The Hurricanes of old (circa 2006, that is) made a miraculous reappearance tonight, turning a three-goal deficit into nothing before giving up a late power play goal that cost them the game. Down 4-1 going into the third period, the ‘Canes scored three goals in less than eight minutes to put themselves back into the game after sorry first and second periods, but eventually lost to the Toronto Maple Leafs, 6-4.
One of the few teams whose goal-scoring woes have been worse than Carolina’s of late have been the Maple Leafs, who many agree are sitting pretty in the John Tavares sweepstakes. However, it seems that these days the best way to ignite a struggling offense is to play the Hurricanes. The ‘Canes couldn’t buy their first tally and hemorrhaged goals in the second period, falling behind 4-0 before mounting a Philadelphia-esque comeback in the third period.
“We played forty minutes of pretty much crappy hockey, but during the twelve we played well we almost won it,” Tim Gleason said.
Maurice and the Hurricanes reportedly spent all of Monday’s practice working on offense, and the ‘Canes were certainly bolder in that area. They put on clinics along the boards and sent cross-ice paces everywhere, but the Leafs picked them off like low-lying apples. Justin Williams and Tuomo Ruutu had a clean breakaway called offsides, and Matt Cullen experienced some “technical difficulties” on a breakout of his own.
Although the ‘Canes kept the Leafs to four shots, they left the first period down a goal.
The Hurricanes couldn’t convert on their first power play, and Toronto turned around and shoved it back in their faces. 1:29 after Scott Walker went off for roughing, Ian White sent a line drive sizzling past Ward to make it 1-0.
Tim Gleason may not put many points up, but you have to give him credit where credit is due – he is an entertaining and often brutally honest interview. When Tripp Tracy asked him about the ‘Canes’ physical play after the first, Gleason said he was sick and tired of getting outhit and that his goal for the rest of the game was to “rip somebody’s head off.” He didn’t get a chance to do that before Toronto struck again. 1:40 into the second period, Jason Blake bounced a puck off a wandering Ward’s back from behind the net and made it 2-0.
John Mitchell single-handedly set up Toronto’s third goal. He raced back and tried to pick the puck off of two ‘Canes, succeeding on the second try. He waited until his teammates got back off a line change and then passed it away. The puck bounced around and Nik Hagman was waiting at the back door to roof it.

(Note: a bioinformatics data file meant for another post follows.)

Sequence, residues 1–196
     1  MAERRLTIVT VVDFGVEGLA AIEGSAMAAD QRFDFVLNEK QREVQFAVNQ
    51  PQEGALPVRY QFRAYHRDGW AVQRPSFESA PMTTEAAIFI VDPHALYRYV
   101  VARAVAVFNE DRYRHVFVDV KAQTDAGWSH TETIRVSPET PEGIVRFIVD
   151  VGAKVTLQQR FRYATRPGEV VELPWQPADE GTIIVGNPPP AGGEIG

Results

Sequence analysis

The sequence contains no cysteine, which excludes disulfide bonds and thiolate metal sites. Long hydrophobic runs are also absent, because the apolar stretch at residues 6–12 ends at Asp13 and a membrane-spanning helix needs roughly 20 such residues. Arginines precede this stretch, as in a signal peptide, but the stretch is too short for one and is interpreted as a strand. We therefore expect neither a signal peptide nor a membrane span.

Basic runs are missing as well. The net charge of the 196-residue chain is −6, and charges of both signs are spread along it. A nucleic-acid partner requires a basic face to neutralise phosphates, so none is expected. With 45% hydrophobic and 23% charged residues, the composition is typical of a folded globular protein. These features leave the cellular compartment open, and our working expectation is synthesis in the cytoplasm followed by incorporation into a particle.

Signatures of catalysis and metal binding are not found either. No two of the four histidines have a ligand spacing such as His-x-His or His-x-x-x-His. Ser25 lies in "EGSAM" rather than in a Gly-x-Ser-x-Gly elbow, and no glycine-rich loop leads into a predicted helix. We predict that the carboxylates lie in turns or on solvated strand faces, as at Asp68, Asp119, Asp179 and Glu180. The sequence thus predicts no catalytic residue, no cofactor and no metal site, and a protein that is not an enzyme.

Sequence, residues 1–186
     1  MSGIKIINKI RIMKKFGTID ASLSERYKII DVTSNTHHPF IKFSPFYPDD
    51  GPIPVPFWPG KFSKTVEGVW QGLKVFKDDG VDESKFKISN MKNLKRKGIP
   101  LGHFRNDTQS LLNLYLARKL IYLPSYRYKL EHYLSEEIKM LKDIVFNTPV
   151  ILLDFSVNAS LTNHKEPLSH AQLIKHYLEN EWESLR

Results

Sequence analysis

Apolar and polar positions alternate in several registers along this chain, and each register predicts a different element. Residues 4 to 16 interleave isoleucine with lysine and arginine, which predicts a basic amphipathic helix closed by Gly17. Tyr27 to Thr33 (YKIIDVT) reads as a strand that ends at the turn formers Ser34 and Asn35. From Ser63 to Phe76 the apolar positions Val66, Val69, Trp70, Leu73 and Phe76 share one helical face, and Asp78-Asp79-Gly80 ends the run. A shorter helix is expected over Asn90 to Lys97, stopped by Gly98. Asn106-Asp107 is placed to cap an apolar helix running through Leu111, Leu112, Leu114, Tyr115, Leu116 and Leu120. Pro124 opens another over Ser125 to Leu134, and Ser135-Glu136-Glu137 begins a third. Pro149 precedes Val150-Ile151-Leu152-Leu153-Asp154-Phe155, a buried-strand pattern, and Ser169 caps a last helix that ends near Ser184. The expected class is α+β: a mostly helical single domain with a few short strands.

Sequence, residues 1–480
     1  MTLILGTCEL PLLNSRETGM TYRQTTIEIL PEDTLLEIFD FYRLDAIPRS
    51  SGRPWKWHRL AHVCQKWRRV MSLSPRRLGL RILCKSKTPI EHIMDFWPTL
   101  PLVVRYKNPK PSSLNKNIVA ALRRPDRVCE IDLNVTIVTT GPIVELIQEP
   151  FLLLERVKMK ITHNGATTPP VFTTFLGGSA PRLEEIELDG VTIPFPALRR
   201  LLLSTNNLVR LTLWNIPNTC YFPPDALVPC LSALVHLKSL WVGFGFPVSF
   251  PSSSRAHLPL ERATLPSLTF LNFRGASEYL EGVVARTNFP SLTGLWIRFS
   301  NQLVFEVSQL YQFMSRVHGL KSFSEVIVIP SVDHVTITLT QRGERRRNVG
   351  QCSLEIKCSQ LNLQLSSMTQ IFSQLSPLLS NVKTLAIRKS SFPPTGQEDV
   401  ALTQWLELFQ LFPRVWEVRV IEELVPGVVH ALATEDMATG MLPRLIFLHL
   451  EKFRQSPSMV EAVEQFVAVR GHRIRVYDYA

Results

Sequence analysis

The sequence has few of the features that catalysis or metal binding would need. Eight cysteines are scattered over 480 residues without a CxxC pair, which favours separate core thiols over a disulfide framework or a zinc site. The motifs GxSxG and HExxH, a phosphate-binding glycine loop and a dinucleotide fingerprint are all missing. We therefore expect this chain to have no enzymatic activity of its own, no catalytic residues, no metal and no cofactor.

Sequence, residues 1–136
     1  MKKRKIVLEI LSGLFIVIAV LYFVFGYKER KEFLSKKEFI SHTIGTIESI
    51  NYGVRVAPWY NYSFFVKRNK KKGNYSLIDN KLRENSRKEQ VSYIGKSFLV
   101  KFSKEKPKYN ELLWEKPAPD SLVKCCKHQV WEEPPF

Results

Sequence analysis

Though the game looked as though it was headed for another 5-1 decision, Ward still played as though the game was tied. He made a sparkling save while down and out, throwing his stick back to stop the Leaf that was behind him in the crease and swatting at the puck. A ‘Cane thankfully dislodged the net before the almost-goal-scorer could think to lift the puck into the net.
Blake struck again minutes later. He walked in alone and was tripped up by Ward, but maneuvered the puck underneath the Carolina netminder to make the score 4-0.
Matt Cullen finally got the Hurricanes on the board in the waning seconds of the second period off an assist from the red-hot Anton Babchuk, who has arguably been the Hurricanes’ most consistent offensive threat lately (that, for the record, is when you know you’re in trouble.)
After Maurice gave the ‘Canes what Staal called a “swift kick in the butt” during the second intermission and shuffled his lines, the Hurricanes came out with a renewed intensity.
“I was pleased with the way they responded, but not that they had to respond in that manner,” Maurice said.
Tuomo Ruutu gave the Caniacs a reason to “Woo” 1:22 into the third period when he came up on Toskala’s blocker side and fired a shot from well out at a wide angle. Toronto took a penalty on the ensuing play.
“We simplified our game,” Staal said. “We got pucks to the net and started to make chances.”
The suddenly energized Hurricanes had a goal disallowed on that power play, and Staal looked just about as passionately angry as Caniacs have ever seen him. Ian White took a high-sticking penalty soon afterwards to give Carolina a 5-on-3, and Staal extracted his revenge. He scored from the right circle for his team-leading No. 19 of the season and reached skyward in triumph.
Defying all odds, Scott Walker tied it up eight minutes and 20 seconds into the third to complete the comeback.
Bobblehead boy Tim Gleason took an ill-timed high-sticking penalty with just over five minutes left in the game, giving the Leafs a 4-on-3. The Hurricanes almost killed off the first half, but Tomas Kaberle got the puck past Ward.
“I took a stupid penalty,” Gleason said simply. “I cost us the game. I take the blame for that.”
Jason Blake completed his hat trick with an empty-netter and sent the Hurricanes’ fans home disappointed. The Hurricanes have now lost four in a row after winning four, and Cam Ward has allowed an outrageous 18 goals in his last four starts.
The Hurricanes will now leave on a tough three-game road trip that will resume after the All-Star break. Gleason said a road trip might be what the team needs, and Maurice said that before last week’s 0-3 effort on the road, he might have said the same.
“There are three more games until the All-Star break. Why not make those three wins?” Gleason, forever the optimist, asked.